While researching for my next book on diaries in French literature, I found that Maurice Blanchot — reputedly hostile to all things biographical — is actually one of the most important and insightful writers on the diary.
The idea of Maurice Blanchot as a promoter of diary-writing seems, on the face of it, absurd. His work anticipated poststructuralist concepts of the ‘death of the author’ and a loss of the self in writing, concepts that are hard to reconcile with the inscribing of the author’s self in a diary. He also guarded an extreme discretion about his own life, beginning his books with this brief non-biography: ‘Maurice Blanchot, novelist and critic, was born in 1907. His life is wholly devoted to literature and to the silence unique to it.’ Indeed, for Philippe Lejeune (the foremost French critic on autobiography and the diary), Blanchot was the leading figure in a ‘hatred […] of the diary’ in the name of a ‘Mallarméan mystique of literature’ that developed from the 1950s onwards.1
Lejeune’s perception is based on Blanchot’s 1955 article ‘The Personal Diary and Narrative’, but it is remarkable just how many of Blanchot’s earlier articles were devoted to specific diary works. Far from condemning the diary, these articles value diary texts precisely because they are situated right on the border between everyday language and literary language, and they therefore manifest the fundamental problems of writing. As such, they play a key role in Blanchot’s development of his thought on literature.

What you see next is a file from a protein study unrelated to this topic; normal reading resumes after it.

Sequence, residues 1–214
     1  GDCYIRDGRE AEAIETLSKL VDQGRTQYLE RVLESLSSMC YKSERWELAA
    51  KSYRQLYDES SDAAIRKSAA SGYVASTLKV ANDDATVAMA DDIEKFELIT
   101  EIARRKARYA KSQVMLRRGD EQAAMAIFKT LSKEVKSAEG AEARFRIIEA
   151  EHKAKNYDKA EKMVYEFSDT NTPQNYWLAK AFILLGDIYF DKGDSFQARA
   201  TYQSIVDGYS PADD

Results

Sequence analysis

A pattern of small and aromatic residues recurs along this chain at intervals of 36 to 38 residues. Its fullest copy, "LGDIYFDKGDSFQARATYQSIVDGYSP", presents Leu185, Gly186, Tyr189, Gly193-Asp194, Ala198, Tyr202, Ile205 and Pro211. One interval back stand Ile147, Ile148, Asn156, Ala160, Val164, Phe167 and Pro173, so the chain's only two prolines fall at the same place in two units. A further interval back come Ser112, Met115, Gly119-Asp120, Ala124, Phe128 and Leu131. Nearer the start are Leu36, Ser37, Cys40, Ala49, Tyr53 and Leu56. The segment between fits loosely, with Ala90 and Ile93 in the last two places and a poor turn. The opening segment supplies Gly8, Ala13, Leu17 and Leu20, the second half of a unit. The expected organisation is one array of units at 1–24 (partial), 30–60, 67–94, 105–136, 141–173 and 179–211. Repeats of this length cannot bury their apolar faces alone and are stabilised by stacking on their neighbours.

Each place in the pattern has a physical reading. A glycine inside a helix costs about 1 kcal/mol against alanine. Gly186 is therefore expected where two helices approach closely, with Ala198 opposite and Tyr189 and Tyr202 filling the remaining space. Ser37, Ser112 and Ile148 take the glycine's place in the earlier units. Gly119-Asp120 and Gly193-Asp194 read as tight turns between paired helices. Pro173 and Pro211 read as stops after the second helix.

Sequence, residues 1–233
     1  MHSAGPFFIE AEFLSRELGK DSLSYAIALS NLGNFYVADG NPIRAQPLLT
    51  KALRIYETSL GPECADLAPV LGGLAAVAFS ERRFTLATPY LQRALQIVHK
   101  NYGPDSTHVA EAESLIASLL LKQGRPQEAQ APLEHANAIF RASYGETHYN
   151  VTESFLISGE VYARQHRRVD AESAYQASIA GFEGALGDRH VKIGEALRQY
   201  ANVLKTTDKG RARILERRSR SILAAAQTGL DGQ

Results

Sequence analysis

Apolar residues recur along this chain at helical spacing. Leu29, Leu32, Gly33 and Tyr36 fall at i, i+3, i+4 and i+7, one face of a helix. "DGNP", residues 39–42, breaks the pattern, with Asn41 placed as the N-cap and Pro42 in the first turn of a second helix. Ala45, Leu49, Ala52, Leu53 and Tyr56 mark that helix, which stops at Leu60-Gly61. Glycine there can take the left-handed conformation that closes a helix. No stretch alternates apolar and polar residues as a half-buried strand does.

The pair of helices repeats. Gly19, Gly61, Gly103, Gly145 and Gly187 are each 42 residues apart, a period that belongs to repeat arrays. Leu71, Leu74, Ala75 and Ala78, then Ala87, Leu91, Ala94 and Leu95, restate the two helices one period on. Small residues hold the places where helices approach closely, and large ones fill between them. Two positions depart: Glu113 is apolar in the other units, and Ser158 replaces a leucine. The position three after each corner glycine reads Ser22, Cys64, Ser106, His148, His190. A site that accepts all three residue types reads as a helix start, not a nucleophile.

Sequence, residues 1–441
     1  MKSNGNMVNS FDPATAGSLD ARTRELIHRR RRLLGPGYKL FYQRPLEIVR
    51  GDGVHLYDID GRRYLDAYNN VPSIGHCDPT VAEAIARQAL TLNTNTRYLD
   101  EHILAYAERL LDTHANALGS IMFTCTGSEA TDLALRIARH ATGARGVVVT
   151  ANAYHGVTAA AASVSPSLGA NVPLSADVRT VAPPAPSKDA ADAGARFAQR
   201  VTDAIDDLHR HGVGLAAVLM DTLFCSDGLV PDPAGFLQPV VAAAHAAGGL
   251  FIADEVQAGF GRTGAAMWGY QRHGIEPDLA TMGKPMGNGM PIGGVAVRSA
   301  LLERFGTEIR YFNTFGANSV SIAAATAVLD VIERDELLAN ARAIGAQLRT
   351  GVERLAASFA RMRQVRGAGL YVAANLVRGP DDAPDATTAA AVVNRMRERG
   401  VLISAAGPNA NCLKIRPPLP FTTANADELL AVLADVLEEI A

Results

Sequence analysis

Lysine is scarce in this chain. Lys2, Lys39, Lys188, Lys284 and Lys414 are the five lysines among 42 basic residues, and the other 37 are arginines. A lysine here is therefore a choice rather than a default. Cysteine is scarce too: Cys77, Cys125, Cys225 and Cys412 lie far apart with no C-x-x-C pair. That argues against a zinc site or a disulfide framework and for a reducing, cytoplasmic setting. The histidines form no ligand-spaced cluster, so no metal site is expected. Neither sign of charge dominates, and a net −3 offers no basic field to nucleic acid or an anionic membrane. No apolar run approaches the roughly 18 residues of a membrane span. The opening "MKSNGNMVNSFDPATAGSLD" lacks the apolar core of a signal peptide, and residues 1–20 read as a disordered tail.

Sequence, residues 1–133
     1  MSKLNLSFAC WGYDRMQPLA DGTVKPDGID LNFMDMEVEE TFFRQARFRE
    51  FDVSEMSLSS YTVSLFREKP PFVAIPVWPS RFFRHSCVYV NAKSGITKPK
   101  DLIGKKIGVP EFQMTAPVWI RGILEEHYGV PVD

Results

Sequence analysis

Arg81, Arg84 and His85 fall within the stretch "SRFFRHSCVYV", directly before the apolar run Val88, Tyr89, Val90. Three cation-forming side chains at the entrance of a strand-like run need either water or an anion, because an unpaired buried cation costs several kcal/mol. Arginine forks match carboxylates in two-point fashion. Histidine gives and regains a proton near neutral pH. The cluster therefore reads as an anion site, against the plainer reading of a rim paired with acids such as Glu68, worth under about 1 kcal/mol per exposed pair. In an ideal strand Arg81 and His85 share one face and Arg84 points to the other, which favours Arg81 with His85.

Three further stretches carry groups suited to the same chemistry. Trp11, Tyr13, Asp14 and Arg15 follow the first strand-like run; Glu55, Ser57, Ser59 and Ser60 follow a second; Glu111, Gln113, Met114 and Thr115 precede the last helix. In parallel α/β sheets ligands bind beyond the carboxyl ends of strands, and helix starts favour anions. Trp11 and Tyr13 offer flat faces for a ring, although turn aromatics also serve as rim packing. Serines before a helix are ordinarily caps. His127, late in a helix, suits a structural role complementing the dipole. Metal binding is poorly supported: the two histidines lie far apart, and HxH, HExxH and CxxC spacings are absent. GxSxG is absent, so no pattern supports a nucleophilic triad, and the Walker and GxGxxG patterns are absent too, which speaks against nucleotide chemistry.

In his 1943 collection Faux pas, heavily marked by the rise of existentialism, Blanchot associates the situation of the writer with a feeling of anguish: an intimation of the nothingness and isolation of existence, which is inevitably betrayed when one tries to express it in the conventional, social medium of language.2 Of all the works that Blanchot discusses, this ‘problem of communication’ is manifested most clearly in the paradox of Kierkegaard’s diaries, which use autobiographical episodes to reflect on philosophy, theology and other subjects, but also guard a central secret about Kierkegaard’s life that is never disclosed. And already at this stage Blanchot identifies works that bridge the gulf between the everyday concerns of the diary and the impersonality and self-sufficiency of the literary œuvre: Joë Bousquet’s diary Translated from Silence and André Gide’s The Fruits of the Earth.
The Work of Fire